Beyond Access to HE: Widening Access Initiatives and Student Retention in Scotland
This research report analyses non-continuation rates in higher education (HE) among Scottish young people from different social backgrounds and with protected characteristics (i.e. gender, ethnicity and disability). In relation to nation-wide initiatives on widening access, this study provides new evidence on non-continuation rates of students who attended schools involved in the SFC-funded Schools for Higher Education Programme (SHEP) and students articulating from Colleges to HE institutions.
- The risk of students dropping out from HE is considerably higher during the 1st year of undergraduate studies than in subsequent years.
- Students from SHEP schools do not appear to be more at risk of dropping out than the other students participating in HE.
- Dropout rates are generally higher among students with less advantaged social backgrounds. However, a good part of the social gap in the probability of dropping out is explained by their lower attainment at the time of entry into HE.
- Young men are more likely to drop out than young women. This gender gap holds after controlling for individual and area characteristics, prior school attainment, HEI type and field of study.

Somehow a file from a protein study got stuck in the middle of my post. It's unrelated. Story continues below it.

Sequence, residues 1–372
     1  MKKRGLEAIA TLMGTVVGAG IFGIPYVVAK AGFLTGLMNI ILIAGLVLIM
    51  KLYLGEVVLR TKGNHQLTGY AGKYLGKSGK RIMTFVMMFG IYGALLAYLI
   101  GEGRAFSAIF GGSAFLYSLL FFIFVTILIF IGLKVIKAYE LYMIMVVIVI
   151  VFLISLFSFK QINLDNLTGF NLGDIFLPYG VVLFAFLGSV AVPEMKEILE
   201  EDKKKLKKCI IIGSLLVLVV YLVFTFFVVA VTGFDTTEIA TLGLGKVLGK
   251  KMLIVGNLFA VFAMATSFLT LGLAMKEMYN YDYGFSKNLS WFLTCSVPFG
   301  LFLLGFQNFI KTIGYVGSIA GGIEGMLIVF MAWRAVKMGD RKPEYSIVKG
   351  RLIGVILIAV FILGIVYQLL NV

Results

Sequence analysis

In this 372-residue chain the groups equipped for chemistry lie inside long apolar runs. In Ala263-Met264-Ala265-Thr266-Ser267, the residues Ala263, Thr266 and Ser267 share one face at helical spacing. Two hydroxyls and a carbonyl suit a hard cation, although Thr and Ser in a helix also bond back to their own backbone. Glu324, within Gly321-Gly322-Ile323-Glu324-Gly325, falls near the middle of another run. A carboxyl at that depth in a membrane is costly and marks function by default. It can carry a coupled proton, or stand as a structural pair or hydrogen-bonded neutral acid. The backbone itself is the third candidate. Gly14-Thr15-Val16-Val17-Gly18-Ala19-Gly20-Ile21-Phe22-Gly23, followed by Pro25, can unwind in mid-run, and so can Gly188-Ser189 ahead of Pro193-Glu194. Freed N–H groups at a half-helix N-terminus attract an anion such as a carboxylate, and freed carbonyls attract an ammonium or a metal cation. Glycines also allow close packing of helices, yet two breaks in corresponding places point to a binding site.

- Disabled students are not more likely to drop out than non-disabled students. However, due to data limitations, the study could not distinguish between different types of disabilities, thus this result may hide within-group differences.
- Articulating students were found to be significantly more likely than other students to drop out from HE before completing their degree studies.
- Ancient universities have the lowest rate of student non-continuation. They are followed by the old Universities and the new universities.
- Students from more deprived areas are significantly more likely to drop out from ancient and old universities than students from less deprived areas. These differences are partly explained by lower attainment of more disadvantaged students who enter HE.
- Student non-continuation rates are slightly higher in STEM subjects and business and mass communication than in social studies and humanities and art.
- 'Academic reasons' is reported to be the main reason for non-continuation for about 30% of the students who dropped out from Scottish universities. These percentages are significantly higher for male, students from ethnic minority groups and low SES students.
This project was funded by the Scottish Funding Council.